Update (2:00pm) - The Storm Prediction Center has now issued their Severe Thunderstorm Watch. This map should update like the others to help you follow the action.
Greetings everyone! I hope this blog update finds you in good spirits today. After such a nice start to the day (you get some yardwork done too?) it's time to watch the skies and keep track of that frontal line to our north, because there is a developing history of strong/severe storms along it.
The Storm Prediction Center has our friends in the northern counties under a "slight risk" for severe weather later today. Here is the breakdown of the different threats:
All in all, this is a 'typical' event that may come our way during the course of a given summer. Notice the minimal tornado threat, and the greatest risks being the potential for gusty winds (>58mph). Given the energy available, this thing will be hitting our counties north of I-64 during the prime heating hours of the day-- so watch for the greatest probability for severe weather reports to come from there (sections of WV and OH). Also, this will probably be a time where some of us will be under both a Severe Thunderstorm Watch and a Flash Flood Watch (check out the tracking maps below for the latest).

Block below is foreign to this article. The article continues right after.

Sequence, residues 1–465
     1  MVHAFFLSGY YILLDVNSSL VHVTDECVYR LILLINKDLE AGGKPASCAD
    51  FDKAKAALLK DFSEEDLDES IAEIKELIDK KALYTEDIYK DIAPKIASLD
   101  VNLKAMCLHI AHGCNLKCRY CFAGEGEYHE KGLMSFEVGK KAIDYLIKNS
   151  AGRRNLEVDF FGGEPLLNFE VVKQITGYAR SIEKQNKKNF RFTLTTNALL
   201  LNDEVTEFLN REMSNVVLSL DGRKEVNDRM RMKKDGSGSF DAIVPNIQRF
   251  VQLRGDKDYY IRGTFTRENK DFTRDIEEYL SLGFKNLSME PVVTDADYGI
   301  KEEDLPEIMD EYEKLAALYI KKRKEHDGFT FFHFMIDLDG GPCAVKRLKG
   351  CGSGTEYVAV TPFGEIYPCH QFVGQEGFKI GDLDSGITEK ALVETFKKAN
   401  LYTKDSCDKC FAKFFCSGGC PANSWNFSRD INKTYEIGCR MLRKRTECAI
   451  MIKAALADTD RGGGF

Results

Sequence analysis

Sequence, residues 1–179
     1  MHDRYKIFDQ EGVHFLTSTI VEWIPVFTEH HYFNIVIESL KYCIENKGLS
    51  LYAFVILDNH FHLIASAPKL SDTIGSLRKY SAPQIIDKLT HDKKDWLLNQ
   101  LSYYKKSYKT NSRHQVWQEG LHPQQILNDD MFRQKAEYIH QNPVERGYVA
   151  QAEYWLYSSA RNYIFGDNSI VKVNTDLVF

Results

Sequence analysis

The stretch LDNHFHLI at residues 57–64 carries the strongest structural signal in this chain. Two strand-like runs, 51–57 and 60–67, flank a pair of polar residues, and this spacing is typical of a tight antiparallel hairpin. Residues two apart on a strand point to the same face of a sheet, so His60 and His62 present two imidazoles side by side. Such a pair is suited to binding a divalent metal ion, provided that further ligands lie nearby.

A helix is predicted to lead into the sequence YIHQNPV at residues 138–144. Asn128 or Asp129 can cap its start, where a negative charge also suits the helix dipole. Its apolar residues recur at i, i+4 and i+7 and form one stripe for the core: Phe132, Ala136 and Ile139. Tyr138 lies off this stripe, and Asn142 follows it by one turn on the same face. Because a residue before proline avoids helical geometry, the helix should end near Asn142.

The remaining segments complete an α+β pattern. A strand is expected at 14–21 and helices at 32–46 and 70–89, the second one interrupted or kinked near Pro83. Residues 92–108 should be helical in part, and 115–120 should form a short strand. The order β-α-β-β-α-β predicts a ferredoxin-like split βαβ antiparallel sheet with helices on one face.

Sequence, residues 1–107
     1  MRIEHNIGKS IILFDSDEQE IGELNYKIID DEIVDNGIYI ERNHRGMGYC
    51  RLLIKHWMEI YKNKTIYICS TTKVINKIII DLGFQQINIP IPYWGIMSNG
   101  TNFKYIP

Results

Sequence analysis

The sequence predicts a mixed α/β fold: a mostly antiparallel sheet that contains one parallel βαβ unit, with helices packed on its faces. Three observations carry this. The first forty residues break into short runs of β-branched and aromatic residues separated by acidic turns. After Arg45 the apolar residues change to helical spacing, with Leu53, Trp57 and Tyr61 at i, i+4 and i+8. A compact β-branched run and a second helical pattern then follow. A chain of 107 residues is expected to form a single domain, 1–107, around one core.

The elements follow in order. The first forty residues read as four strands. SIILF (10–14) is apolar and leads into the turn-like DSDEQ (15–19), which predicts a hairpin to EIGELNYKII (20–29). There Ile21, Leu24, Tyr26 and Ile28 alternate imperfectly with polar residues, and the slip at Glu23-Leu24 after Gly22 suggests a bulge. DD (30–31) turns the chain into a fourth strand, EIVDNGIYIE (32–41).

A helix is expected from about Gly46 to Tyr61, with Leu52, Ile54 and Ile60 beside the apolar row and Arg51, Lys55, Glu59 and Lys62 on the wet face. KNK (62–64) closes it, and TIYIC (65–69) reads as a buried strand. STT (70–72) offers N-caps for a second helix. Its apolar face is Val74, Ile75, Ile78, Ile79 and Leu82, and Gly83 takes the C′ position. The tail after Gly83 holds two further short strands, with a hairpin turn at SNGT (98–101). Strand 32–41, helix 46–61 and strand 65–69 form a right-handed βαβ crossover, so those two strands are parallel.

The models continue to indicate that our front-brought storms will not make it far enough through the region to give us a good Sunday. Here's the NAM:
Sunday will have a scattering of showers during the early part of the day, and then another batch during the second-half that can have a rumble or two. Over-all, the weather pattern next week can be called 'unsettled': Many dry hours each day, but hard-pressed to make it through rain free.
Here are your tracking maps below for the afternoon action:
Have a great day everyone!